Colored inks often contain lead, cadmium, chromium, nickel, titanium and other heavy metals that could trigger allergies or diseases, scientists say. some pigments are industrial-grade colors that are “suitable for printers’ ink or automobile paint,” according to an FDA fact sheet.
Black tattoo inks, which are usually made of soot, contain products of combustion called polycyclic aromatic hydrocarbons, according to a 2010 study by the German scientists.
The PAHs in the inks include benzo(a)pyrene, which was identified in an Environmental Protection Agency toxicity report as “among the most potent and well-documented skin carcinogens.” it is so potent that it is routinely used in animal tests to grow tumors. it also has been linked to skin cancer in shale oil workers.
“Tattooing with black inks entails an injection of substantial amounts of phenol and PAHs into skin,” wrote the German scientists. they said the PAHs could “stay lifelong in skin” and “may affect skin integrity,” which could lead to skin aging and cancer.
Scientists are debating the possible tattoo-cancer link, based so far on a handful of malignant melanomas found in tattoos and reported in medical literature.
“Even though cases of malignancies such as melanoma, basal cell carcinomas, squamous cell carcinomas and keratoacanthomas have been reported for the past 40 years, it remains unclear what role tattoos play in their pathogenesis,” wrote scientists from France’s University of Montpellier in a 2008 study.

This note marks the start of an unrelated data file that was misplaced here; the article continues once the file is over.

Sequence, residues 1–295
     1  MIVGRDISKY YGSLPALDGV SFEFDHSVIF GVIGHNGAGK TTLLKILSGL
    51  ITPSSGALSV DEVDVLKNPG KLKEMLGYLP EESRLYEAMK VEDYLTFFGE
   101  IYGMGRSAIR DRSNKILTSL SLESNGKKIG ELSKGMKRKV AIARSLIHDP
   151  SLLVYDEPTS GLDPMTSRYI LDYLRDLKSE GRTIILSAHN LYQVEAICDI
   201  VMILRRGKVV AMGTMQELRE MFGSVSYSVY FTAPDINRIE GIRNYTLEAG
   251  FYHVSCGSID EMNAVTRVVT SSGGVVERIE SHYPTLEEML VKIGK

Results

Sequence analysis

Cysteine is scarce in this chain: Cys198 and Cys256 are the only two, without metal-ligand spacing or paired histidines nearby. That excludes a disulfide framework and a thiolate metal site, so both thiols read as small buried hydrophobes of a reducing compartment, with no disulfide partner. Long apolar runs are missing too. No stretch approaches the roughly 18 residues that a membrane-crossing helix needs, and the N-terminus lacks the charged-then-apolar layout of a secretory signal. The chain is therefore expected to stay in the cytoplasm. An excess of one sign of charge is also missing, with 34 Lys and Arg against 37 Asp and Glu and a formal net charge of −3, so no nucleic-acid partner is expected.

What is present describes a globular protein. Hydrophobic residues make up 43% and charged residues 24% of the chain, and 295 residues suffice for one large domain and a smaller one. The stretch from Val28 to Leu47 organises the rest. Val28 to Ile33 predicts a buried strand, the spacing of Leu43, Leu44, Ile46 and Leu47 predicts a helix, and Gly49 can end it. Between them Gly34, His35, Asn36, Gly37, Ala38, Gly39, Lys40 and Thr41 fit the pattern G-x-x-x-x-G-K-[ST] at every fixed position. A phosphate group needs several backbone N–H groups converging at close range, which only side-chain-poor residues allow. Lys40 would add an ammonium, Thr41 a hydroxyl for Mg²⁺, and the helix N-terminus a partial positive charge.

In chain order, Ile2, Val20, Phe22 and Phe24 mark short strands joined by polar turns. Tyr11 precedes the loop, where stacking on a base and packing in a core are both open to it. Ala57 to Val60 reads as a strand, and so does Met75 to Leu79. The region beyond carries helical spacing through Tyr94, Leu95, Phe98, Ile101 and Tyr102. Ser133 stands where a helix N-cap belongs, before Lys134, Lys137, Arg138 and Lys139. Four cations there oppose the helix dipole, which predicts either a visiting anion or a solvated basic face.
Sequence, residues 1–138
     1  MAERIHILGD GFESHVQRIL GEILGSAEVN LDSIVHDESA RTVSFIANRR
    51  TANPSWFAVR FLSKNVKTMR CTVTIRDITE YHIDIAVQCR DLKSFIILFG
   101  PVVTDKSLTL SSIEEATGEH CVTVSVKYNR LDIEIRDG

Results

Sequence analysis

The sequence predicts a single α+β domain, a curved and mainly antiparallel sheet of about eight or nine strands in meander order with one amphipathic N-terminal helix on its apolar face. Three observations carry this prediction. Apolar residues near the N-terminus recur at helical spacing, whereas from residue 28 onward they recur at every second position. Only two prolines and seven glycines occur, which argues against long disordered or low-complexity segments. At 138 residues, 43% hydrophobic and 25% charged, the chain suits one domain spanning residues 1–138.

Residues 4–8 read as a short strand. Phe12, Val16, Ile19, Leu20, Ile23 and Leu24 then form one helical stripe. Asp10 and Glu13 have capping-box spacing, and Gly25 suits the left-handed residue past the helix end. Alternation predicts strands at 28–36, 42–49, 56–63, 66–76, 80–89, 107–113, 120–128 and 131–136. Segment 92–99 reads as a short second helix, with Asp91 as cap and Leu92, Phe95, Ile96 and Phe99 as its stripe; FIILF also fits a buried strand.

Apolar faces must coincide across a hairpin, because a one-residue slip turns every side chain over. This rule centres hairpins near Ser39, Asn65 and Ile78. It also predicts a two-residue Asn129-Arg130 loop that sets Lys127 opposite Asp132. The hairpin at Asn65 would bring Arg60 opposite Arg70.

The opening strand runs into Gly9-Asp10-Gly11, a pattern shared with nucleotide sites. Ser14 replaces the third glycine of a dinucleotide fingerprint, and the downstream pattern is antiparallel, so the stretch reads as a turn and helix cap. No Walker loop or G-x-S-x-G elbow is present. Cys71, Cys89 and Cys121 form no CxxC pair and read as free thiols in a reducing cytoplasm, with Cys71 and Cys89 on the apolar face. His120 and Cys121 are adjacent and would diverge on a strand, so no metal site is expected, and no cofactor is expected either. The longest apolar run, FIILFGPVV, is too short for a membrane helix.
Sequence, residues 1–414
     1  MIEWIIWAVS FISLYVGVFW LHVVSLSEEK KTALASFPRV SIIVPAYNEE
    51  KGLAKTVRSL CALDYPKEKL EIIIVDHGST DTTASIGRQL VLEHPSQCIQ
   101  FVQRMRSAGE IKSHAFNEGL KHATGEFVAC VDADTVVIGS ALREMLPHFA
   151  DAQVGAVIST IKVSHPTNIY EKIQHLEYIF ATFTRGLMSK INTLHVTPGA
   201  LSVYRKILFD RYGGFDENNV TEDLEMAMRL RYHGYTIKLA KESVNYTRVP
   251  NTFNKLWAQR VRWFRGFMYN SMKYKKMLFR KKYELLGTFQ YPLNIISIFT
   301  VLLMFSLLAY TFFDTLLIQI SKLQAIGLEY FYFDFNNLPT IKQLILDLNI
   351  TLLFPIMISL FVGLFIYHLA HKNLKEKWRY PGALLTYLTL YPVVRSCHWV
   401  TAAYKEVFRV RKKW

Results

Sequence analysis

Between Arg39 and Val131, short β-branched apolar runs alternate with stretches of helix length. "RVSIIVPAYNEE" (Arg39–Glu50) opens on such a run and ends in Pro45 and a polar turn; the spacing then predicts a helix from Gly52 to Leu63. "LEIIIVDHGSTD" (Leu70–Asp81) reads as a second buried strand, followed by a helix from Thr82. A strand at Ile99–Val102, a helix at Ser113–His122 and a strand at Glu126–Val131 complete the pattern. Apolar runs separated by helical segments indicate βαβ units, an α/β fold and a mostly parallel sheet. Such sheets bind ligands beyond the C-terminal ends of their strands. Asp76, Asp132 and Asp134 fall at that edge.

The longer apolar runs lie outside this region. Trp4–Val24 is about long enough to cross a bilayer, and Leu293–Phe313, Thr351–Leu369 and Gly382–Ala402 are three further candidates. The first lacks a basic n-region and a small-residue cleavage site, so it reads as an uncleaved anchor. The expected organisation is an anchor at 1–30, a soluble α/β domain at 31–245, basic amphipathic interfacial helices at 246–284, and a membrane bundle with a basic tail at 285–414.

The FDA has the power to regulate tattoo inks and any added colorings. But the agency has never flexed its regulatory power, citing lack of evidence of safety concerns and other priorities.
In 2003 and 2004, the FDA received its largest cluster of complaints, more than 150, from people on the giving and receiving end of tattoos. since then, the FDA has begun more research on tattoo inks.
One major question investigated by the FDA is where does the ink go when the tattoo fades?
Preliminary results show that a common pigment in yellow tattoo inks, Pigment Yellow 74, may be broken down by the body’s enzymes, according to the FDA. Sunlight also breaks it down into colorless components of unknown toxicity. also, when skin cells containing ink are killed by sunlight or laser light, the ink breakdown products could spread throughout the body.
Previous studies have shown tattoo inks move into the lymph nodes, but whether that is a health risk is not known, according to a 2009 FDA consumer update. Lymph nodes are part of the body’s system for filtering out disease-causing organisms.
Because of the chemicals involved, California’s Proposition 65 requires all tattoo shops to warn customers of exposure to carcinogens. the warning is included in the release forms that people must sign before getting tattooed in California.
Environmental Health News is a foundation-funded environmental news service. EHN publishes its own journalism and provides daily access to worldwide environmental news. For more on this story and others, go to www.environmentalhealthnews.org.
This article appeared on page C – 1 of the San Francisco Chronicle